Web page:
Category Archives: Ladies of Science

Was Madge really Mad or simply a woman?

As my contribution this year to Ada Lovelace day I am writing about a woman who wasn’t just a scientist but who also wrote extensively about natural philosophy in the seventeenth century, Margaret Cavendish née Lucas.

Margaret Lucas was born in Colchester in about 1623. (Regular readers of my ramblings will immediately recognise that I’m biased, as I was born down the road from Colchester myself and went to school there). Her family were rich landed gentry but not titled. She received the usual non-education of a gentlewoman of the period. In 1642 as the civil war was cranking into gear, her brother Charles would later be executed following the siege of Colchester, she went to live with her sister in Oxford and succeeded in becoming a maid of honour at the court of Queen Henrietta then resident in Oxford. In 1644 when the Queen withdrew to Paris Margaret accompanied her.

William Cavendish (1592 – 1676) a member of the very wealthy and influential Cavendish family was an aristocrat and courtier who worked his way up the greasy pole of privilege acquiring various titles and lands until he was finally appointed Duke of Newcastle. A gentleman of leisure he was a polymath, an excellent swordsman, equestrian and soldier given to the usual pursuits of the landed gentry but he was also poet, playwright and architect who was both a disciple and a patron of Ben Jonson as well as being patron to a whole host of poets, playwright, artists and musicians.  Both William and his younger brother Charles were devotees of natural philosophy and the mathematical sciences maintaining close contact, before the civil war, with most of the leading English mathematicians and mathematical practitioners of the period, including John Pell, William Oughtred and John Wallis.

Both William and Charles served with distinction in the royalist army during the civil war but were on the losing side at the battle of Marston Moor in 1644. Forced to flee England the Cavendish brothers joined the Queen’s court in Paris where William, who had lost his first wife, met Margaret fell in love with the much younger woman and married her in 1645 against the wishes of the Queen.

In Paris William and Charles maintained a philosophical salon whose participants included René Descartes, Marin Mersenne, Pierre Gassendi and the English philosophers Kenelm Digby and Thomas Hobbes, who had been private tutor to another branch of the Cavendish family. An unusual aspect of this august discussion circle was that Margaret was not only permitted to attend but also to participate as an equal, an almost unheard of thing for a gentlewoman in this period. In 1648 the Cavendish circus decamped to Holland setting up home in Reuben’s house in Antwerp where their circle of intellectual friends included Pell, now teaching in Holland, Descartes and Constantijn Huygens. In 1660 with the Restoration they could return to England and the life of the landed gentry.

William himself wrote plays and poetry but was outstripped by his young vivacious wife who poured out a series of volumes of poetry and plays in her own right and in her own name, a more than somewhat unusual activity for a female aristocrat. However Margaret pushed the boundaries even further. Having received an education in philosophy from some of the greatest minds in Europe she began to write and publish extensively on the philosophy of science. At first tending to support Hobbes’ materialism, in her more mature writings she rejected both the traditional Aristotelian philosophy as well as the mechanical philosophies of the moderns and developed her own version of vitalism. I’m not going to bore you with an analysis of her somewhat arcane ideas but her writings on the philosophy of science are not to be rejected out of hand. In 1667 she caused a major sensation by becoming the first, and before the 19th century, only women to attend a meeting of the Royal Society. A visit made possible more by her husband’s status and wealth than her own scientific merits. This visit is mentioned together with some rather intriguing details of her correspondence on chemistry with Constantijn Huygens in a recent BBC Radio 4 Point of View by Lisa Jardine.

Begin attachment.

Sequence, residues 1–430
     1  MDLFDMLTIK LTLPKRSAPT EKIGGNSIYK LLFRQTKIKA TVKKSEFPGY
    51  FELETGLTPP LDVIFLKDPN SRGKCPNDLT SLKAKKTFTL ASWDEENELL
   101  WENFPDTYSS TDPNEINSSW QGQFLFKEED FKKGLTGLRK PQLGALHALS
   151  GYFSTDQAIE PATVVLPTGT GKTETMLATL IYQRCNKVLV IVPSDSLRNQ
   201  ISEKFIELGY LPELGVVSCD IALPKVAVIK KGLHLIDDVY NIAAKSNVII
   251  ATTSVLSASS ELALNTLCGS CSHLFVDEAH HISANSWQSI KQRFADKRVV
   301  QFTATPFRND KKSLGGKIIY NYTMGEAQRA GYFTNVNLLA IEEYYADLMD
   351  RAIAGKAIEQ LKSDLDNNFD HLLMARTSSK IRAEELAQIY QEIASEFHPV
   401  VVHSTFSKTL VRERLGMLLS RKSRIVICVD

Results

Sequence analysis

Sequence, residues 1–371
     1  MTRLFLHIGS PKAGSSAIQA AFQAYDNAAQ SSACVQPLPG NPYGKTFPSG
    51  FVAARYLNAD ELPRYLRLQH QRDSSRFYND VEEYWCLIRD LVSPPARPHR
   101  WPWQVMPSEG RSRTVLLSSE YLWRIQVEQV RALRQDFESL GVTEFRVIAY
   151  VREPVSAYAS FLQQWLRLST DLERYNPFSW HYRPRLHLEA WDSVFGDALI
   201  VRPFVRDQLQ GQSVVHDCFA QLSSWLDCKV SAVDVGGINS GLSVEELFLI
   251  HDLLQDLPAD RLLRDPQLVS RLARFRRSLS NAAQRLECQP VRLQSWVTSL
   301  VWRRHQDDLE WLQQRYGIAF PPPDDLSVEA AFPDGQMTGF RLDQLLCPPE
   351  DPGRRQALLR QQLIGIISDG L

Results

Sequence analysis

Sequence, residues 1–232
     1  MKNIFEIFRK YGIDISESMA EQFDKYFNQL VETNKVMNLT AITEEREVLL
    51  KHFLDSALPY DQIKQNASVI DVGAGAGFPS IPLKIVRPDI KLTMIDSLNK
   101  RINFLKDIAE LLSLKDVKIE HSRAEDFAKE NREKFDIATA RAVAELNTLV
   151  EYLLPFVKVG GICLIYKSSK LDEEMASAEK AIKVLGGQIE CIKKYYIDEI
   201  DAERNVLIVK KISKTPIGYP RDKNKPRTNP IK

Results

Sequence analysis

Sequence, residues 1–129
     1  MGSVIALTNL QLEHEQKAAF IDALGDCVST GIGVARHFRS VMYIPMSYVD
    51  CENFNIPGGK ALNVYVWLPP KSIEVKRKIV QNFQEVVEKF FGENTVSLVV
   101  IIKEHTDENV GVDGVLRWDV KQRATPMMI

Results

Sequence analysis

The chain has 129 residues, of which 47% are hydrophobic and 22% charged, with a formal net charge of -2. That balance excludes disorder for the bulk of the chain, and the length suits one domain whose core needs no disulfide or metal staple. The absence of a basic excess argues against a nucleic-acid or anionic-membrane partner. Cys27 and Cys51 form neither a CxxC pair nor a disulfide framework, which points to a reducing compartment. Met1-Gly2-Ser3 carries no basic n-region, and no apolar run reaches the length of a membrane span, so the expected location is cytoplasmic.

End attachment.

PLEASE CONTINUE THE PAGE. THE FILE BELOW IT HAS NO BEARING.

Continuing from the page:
Having briefly sketched the life of Margaret Cavendish I can now explain the title of this post. Although the habit seems to be dying out Margaret Cavendish was for a long time almost universally referred to, as Mad Madge and it was certainly not meant as a compliment. I know of at least two different explanations for this less than flattering sobriquet. One source has the following to say on the subject:

Margaret was viewed by her contemporaries as being rather eccentric. She was extravagent and flirtatious, accused of using speech full of ‘oaths and obscenity’, and was noted for her unusual sense of fashion. This reputation for eccentricity survives today, when Margaret is widely referred to as ‘Mad Madge’.

Now both of the Cavendish brother, Descartes and Digby were all professional soldiers and it would not surprise me if the language of their discussion, when the nights were long and the bottles almost empty, sometimes resembled that of the barrack room rather than the schools and that Margaret learnt to hold her own in this heady atmosphere. Now the above description could, with a little modification, equally be applied to Margaret’s near contemporary Edmond Halley but nobody refers to him as Loony Eddy!

The other explanation is that Margaret is so referred to because of her unladylike passion for science and its philosophy. Kenelm Digby her Paris companion, who also like Margaret ran a chemistry laboratory and at the same time as she was writing and publishing her tracts on vitalism Digby was publishing his on his strange amalgam of Aristotelian and Cartesian philosophies that enjoyed a certain vogue in the early years of the Royal society. Both philosophies are now out of style and appear to us rather strange but nobody refers to Digby as Krazy Kenelm!

I think Margaret Cavendish gets called Mad Madge for daring to compete in a man’s world. She gets denigrated not because of her outlandish behaviour or her passion for science but simply because she was a woman who had these attributes. I think we should no longer call her Mad Madge but respect and honour Margaret Cavendish as an intelligent and able woman who was a pioneering female philosopher of science at a time when this was an exclusively male occupation.


Filed under History of Mathematics, History of science, Ladies of Science

Mary Somerville was not “the first scientist” and Ada Lovelace did not inspire “the first modern computer”.